The typical “bad sleeper” isn’t less in need of sleep, or more prone to waking up. They’ve just learned to depend on outside assistance to get back to sleep when they wake up. Once your little one has figured out how to get to sleep without assistance from outside sources, he will start stringing those sleep cycles together effortlessly; and that’s the secret to “sleeping through the night”, as most parents understand it.
3. Babies will naturally dictate their own sleep schedule
Babies need as much help and guidance when it comes to sleep as they do with anything else. Our babies need extensive care and help in their development, and their sleep cycles are unbelievably erratic if left unregulated. If they miss their natural sleep cycle by as little as a half hour, their cortisol production can increase, which causes a surge in energy and things quickly spiral out of control. So as much as I wish babies could just fall asleep when they’re tired, it simply doesn’t work that way. That’s not to say that you shouldn’t respond to their cues, but you shouldn’t rely exclusively on them either.
4. Sleep training is stressful for the baby and can affect the parent-child attachment.
Nope! And this isn’t just me talking here. This is the American Academy of Pediatrics, the most reliable source of baby health information. According to a 2016 study conducted by eight of their top researchers, behavioral intervention, (A.K.A Sleep training) “provide(s) significant sleep benefits above control, yet convey(s) no adverse stress responses or long-term effects on parent-child attachment or child emotions and behavior.” Not a lot of gray area there.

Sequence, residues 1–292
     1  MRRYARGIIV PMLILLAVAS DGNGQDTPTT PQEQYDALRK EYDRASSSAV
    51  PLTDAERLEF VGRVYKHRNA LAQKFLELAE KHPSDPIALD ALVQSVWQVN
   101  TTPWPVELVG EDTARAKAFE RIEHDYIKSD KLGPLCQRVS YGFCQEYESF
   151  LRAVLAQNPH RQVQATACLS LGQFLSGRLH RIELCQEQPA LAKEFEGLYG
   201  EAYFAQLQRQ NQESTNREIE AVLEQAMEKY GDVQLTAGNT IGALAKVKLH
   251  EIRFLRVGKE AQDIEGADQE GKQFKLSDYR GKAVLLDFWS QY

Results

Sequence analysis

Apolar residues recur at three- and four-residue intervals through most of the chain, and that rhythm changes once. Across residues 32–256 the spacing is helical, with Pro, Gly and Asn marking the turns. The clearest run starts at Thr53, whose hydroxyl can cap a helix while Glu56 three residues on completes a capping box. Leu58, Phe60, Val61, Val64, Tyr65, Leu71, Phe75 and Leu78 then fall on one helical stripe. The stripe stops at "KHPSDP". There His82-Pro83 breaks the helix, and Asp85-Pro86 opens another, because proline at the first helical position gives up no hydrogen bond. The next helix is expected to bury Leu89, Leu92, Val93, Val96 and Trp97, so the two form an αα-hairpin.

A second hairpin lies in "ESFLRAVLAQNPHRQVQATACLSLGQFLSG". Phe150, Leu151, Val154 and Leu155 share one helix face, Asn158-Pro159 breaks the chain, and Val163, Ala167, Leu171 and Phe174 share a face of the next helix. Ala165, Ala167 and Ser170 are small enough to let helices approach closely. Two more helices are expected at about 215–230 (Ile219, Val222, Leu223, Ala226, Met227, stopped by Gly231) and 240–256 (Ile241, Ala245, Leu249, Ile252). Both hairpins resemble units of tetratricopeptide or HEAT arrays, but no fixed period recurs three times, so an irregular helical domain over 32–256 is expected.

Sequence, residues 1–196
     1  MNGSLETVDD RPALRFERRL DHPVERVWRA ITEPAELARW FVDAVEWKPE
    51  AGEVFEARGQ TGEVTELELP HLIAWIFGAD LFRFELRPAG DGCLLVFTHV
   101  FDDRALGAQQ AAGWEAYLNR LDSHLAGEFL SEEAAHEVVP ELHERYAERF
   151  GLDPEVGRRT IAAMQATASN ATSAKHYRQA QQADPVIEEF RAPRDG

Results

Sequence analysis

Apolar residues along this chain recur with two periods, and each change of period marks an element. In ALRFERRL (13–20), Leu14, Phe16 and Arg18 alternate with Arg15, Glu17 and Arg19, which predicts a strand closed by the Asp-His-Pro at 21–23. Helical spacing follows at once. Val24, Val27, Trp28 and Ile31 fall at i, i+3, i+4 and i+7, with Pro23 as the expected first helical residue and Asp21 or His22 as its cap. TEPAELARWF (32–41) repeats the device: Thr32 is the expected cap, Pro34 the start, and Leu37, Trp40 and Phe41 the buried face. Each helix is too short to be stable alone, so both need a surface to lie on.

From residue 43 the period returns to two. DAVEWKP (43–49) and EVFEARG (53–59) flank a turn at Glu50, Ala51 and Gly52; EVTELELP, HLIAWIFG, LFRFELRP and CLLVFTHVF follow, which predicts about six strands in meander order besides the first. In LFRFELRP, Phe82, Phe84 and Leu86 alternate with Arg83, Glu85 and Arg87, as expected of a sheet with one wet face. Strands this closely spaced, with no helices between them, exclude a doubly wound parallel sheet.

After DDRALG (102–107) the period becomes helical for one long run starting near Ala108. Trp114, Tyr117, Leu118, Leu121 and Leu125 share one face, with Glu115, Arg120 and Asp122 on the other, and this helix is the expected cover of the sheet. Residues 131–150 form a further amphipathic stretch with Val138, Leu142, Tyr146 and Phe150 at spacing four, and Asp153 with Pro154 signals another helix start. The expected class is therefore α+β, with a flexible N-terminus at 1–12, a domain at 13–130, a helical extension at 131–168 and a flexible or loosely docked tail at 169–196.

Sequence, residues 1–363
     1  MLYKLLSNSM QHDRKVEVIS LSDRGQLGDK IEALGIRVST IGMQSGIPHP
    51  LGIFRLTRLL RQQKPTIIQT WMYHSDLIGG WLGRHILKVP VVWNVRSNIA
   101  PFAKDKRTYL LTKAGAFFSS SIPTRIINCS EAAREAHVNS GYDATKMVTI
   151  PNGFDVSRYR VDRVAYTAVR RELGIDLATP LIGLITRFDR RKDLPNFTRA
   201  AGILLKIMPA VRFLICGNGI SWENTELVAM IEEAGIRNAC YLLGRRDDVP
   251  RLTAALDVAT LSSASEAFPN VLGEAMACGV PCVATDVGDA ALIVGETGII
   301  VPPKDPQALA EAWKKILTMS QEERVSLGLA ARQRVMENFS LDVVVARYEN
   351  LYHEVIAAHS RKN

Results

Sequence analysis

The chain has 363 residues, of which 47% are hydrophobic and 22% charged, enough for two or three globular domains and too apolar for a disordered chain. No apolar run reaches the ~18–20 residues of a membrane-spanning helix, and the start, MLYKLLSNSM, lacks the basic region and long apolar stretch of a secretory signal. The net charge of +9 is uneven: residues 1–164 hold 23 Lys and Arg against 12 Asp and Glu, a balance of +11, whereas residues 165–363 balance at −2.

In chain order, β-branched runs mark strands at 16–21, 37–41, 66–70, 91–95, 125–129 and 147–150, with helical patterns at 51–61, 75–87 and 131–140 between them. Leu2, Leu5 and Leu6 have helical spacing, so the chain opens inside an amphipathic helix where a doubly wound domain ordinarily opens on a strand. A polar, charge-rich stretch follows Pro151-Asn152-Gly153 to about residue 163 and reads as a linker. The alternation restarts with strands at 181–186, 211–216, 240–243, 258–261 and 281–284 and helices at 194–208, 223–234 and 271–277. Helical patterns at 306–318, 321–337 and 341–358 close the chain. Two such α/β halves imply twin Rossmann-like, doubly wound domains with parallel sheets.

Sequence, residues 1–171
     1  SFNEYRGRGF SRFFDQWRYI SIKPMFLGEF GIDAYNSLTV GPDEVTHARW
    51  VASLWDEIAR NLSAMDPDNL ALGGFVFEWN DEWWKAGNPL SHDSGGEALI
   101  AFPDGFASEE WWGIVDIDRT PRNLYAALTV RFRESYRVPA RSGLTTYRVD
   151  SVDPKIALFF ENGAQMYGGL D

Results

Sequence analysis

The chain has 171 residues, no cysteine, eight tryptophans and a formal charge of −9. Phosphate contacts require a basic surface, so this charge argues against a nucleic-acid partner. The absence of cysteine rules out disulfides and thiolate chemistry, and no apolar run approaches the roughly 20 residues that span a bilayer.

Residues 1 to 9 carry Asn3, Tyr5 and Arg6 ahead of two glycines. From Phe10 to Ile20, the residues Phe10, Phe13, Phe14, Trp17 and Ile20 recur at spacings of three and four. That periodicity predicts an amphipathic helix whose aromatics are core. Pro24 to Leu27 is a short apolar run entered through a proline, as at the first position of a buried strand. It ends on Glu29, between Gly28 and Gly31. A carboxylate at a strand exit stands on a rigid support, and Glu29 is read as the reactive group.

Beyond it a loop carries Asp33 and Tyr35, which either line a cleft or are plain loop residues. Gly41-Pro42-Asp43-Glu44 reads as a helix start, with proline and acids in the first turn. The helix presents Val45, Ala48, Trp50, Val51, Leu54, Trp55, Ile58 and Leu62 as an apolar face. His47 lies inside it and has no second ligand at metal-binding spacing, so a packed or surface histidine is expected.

5. Babies are not “designed” to sleep through the night.
Trusting your child’s physiology to dictate their sleep schedule, their eating habits, their behavior, or just about any other aspect of their upbringing is a recipe for disaster.
Our little ones need our expertise and authority to guide them through their early years, and probably will for decades after that. This is especially true when it comes to their sleep. Of course, some babies are naturally gifted sleepers. But you can’t rely on the advice of those who tell you that babies should dictate their schedules. You’re in charge because you know best, even if it may not feel like it sometimes!
There are obviously plenty more myths and misconceptions surrounding babies and their sleep habits, but these are some of the most important to get the facts on. Remember, with endless posts on social media and access to millions of websites; be sure that you’re getting your information regarding baby and child sleep from a trusted source. Google Scholar is a great, peer-reviewed scientific study on all things baby-related. The American Academy of Pediatrics, the National Institutes of Health, , and the World Health Organization are also excellent sources of information you can feel confident about using to answer questions about your baby’s health.
If you would like more information on the benefits of sleep, please contact me!